'Apple CEO Tim Cook advocated for censorship of “those who push hate [and] division” across his company’s digital platforms during an Anti-Defamation League (ADL) event on Monday in New York City, NY.
Cook was awarded the ADL’s first “Courage Against Hate Award” at the ADL’s “Never Is Now Summit on Anti-Semitism and Hate.” The ADL described Apple’s top executive as a “courageous and visionary leader” who is “dedicated to fighting hate” and “racist vitriol.”
... Cook suggested that the Holocaust was a function of excessively free speech and expression, invoking Kristallnacht:
History is full of examples when those with power and those who ought to have good judgment instead look the other way. I believe the most sacred thing that each of us given is our judgment, our morality, or own innate desire to separate right from wrong. Choosing to set that responsibility aside at a moment of trial is a sin. We as individuals have the power to know, and feel, and act; and we ought to use it. That’s a lesson that Ruth Lansing knows well. Ruth just turned 100 on November 13th. She was recently interviewed by the BBC for a more solemn occasion, the 80th anniversary of Kristallnacht.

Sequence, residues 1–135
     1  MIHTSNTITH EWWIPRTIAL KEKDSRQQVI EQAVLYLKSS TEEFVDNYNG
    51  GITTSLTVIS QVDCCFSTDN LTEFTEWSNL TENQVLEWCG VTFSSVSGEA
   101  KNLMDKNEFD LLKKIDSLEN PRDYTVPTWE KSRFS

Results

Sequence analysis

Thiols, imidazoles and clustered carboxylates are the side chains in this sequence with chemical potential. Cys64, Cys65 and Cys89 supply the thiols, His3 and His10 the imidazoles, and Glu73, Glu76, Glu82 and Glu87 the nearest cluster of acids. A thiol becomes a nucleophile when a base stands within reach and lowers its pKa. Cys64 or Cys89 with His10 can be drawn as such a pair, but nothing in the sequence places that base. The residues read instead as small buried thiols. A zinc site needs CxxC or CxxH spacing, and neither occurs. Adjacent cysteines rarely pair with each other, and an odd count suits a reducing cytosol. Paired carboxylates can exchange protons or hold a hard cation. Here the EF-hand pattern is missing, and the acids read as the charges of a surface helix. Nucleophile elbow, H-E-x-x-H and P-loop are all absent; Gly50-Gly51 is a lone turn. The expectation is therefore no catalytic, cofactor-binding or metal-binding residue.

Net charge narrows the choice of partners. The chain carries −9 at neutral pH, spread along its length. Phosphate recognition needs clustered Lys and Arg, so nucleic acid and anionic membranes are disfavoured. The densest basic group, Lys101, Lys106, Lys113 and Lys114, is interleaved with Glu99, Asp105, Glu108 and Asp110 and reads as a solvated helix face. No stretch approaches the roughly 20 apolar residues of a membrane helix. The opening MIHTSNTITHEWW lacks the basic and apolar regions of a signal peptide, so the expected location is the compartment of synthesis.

ADL CEO Jonathan Greenblatt praised Apple’s deplatforming of Alex Jones and Infowars while linking “immigration” with “hate.” He said, “[Tim Cook] has also shown leadership in tackling consequential issues that are core to ADL’s global mission in fighting anti-Semitism and hate in all its forms. On issues like immigration, LGBTQ rights, to online hate, and civil rights. … Apple was the first company to remove Alex Jones’s hateful anti-government conspiratorial rants from their platform, and other tech companies, as we know, followed their lead.” He described Cook as “nothing short of courageous” in his advocacy for online censorship.'
Read more: Apple CEO Tim Cook: Banning ‘Hate, Division’ Is ‘Right Thing to Do’